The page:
The connection between the U.S. dollar and mortgage rates is direct. When inflation pressures rise, mortgage rates in San Jose tend to rise, too, because mortgage rates are based on the price of mortgage-backed bonds — a security bought, sold and paid in U.S. dollars

Inflation, in other words, renders mortgage bonds less valuable to investors, all things equal, so investors sell them as inflation pressures grow. More sellers leads to lower prices which, in turn, causes mortgage rates to rise.

It’s why March’s Cost of Living data is so important to rate shoppers and home buyers in Cambrian. Higher levels of CPI can harm home affordability, and stretch your household budget uncomfortably.

As Memorial Day approaches, gas prices are projected to spike, offering little relief from the inflationary pressures in the economy. It’s one reason why mortgage rates should trend higher over the next few months.

If you’re wondering whether to lock or float your mortgage rate, consider locking in. At least today’s rates are a sure thing. Tomorrow’s rates could be much higher.

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Retail Sales Rising -- 8 Straight Months

Consumer spending is alive and well, it seems — unwelcome news for today’s home buyers. 

Wednesday, the Census Bureau will release its March Retail Sales figures and the report is expected to show higher sales receipts for the 9th straight month. A strong reading like that should spell higher mortgage rates in San Jose and nationwide.

The connection between Retail Sales and mortgage rates is fairly tight. Retail Sales are “consumer spending” and consumer spending accounts for the majority of the U.S. economy. The U.S. economy, of course, is a dominant force in setting the direction in which mortgage rates are headed.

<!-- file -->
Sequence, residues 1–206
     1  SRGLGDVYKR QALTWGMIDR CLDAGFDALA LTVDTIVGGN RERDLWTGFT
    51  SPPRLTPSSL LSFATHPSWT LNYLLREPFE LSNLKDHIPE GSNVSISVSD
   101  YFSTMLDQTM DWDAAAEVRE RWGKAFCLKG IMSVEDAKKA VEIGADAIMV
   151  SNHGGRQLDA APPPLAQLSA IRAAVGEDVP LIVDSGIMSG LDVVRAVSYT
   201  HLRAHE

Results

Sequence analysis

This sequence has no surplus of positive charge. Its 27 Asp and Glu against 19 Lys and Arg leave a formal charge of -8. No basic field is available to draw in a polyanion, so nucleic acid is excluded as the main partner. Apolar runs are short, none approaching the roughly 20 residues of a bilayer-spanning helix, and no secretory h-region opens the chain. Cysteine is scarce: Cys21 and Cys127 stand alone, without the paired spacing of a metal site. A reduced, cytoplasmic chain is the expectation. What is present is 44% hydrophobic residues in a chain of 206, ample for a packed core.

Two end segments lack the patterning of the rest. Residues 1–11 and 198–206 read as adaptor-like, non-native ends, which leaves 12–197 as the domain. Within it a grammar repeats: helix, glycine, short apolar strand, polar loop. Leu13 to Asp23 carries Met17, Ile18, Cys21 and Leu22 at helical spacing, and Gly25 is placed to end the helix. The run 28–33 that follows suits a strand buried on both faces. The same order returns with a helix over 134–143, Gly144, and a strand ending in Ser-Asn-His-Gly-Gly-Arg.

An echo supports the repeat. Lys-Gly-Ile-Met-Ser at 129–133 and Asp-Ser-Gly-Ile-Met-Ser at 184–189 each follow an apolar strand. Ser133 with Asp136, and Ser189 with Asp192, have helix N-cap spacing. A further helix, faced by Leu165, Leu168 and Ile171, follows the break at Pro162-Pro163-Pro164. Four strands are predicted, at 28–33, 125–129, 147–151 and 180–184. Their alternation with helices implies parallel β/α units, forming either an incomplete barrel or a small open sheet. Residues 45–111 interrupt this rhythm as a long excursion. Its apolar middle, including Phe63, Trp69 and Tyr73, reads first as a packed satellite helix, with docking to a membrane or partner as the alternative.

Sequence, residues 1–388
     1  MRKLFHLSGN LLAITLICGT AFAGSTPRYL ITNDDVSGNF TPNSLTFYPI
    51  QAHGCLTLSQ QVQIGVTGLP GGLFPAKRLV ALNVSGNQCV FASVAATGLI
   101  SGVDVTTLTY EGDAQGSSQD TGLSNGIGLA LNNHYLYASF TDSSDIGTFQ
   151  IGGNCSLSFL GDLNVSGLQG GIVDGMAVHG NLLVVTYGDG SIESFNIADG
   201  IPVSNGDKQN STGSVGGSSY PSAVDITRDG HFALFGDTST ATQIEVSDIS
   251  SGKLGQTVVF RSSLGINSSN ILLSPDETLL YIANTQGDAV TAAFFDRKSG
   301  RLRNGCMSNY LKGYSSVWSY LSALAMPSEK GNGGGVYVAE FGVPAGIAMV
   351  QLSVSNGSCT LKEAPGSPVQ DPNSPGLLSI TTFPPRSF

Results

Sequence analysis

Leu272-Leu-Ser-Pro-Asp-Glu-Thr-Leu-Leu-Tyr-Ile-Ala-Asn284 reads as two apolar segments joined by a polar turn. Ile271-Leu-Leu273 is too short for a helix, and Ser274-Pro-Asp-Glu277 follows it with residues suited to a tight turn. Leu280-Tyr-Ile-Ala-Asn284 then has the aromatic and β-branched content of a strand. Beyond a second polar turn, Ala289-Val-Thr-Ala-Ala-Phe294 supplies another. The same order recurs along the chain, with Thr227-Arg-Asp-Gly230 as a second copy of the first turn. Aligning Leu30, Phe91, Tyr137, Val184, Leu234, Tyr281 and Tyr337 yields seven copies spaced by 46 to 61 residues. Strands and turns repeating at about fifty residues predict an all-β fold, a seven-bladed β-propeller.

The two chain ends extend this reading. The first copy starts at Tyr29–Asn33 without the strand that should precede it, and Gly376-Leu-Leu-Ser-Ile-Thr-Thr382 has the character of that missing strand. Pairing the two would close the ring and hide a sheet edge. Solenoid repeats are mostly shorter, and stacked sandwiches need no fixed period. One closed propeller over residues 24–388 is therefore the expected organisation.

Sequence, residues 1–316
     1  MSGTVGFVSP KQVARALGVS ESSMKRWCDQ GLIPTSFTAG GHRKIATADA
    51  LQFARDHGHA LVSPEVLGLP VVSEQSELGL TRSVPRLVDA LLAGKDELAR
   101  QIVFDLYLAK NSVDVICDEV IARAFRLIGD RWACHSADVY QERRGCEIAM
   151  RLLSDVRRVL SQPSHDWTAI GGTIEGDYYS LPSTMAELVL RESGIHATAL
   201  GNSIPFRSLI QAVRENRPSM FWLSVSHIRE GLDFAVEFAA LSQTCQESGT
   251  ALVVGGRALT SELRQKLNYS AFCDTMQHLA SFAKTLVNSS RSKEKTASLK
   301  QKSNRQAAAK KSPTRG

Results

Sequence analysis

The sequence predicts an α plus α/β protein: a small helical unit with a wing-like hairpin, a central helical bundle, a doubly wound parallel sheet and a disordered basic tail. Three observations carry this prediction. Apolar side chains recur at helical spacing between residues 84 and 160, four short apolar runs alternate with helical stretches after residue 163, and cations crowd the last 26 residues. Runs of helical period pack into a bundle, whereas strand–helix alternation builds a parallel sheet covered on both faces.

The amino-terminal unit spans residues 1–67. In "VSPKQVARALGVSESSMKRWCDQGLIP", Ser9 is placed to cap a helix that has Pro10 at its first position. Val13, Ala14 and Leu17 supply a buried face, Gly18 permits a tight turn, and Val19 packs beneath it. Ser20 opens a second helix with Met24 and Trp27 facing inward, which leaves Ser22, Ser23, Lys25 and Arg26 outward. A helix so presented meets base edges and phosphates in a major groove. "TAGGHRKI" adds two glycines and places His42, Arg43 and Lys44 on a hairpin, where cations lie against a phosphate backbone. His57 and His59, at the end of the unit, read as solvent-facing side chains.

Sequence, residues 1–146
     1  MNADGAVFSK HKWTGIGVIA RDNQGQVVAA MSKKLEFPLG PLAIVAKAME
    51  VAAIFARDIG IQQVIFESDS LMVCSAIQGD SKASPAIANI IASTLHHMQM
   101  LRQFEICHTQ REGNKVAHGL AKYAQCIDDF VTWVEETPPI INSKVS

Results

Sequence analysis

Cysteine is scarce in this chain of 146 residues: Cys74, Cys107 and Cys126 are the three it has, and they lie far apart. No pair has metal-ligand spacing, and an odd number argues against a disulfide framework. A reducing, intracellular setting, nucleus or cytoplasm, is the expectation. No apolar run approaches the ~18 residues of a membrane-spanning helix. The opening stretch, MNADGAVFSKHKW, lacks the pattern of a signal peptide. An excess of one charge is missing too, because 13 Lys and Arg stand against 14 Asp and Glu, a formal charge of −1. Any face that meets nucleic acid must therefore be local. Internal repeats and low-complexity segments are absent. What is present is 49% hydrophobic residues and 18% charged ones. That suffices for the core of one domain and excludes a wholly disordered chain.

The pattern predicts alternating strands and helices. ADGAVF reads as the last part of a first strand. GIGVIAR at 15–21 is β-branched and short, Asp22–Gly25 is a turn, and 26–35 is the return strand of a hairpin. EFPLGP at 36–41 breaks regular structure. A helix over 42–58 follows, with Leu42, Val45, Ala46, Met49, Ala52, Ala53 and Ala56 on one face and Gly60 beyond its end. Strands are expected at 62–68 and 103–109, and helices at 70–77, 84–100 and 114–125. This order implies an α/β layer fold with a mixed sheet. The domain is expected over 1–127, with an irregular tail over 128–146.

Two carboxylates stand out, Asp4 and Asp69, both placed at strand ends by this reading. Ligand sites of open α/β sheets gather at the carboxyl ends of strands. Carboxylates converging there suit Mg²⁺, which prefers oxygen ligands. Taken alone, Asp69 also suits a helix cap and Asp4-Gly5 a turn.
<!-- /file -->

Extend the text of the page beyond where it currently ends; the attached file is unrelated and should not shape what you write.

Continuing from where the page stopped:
For example, in 2010, it was a weak economy and murky outlook that helped drive mortgage rates to all-time lows. Since last year, however, the jobs market has started its recovery, monthly receipts have returned to all-time highs, and the Federal Reserve is revising growth estimates for 2011.

Not surprisingly, mortgage rates have reversed, too.

As compared to 6 months ago, conforming rates are higher by 0.750%. Home affordability across California is taking a hit. Plus, the stronger the economy appears to be, the more likely for mortgage rates to climb more.

It’s why tomorrow’s Retail Sales report is so important. 

If you’re under contract for a home, or even evaluating the merits of a refinance, there’s a lot of risk in “floating” your mortgage rate. The more prudent plan is to find a rate at which you’re comfortable with the payment, and lock it in.

And you may want to take that lock sooner than you had planned — if only to protect your monthly payments. Once tomorrow’s Retail Sales report hits, it may be too late. Especially if receipts rise for the 10th straight month.

The Retail Sales report is due for release at 8:30 AM ET.

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Net new jobs (2009-2011)Friday is a pivotal day for mortgage markets and conforming mortgage rates across California. At 8:30 AM ET, the government will release its March Non-Farm Payrolls report.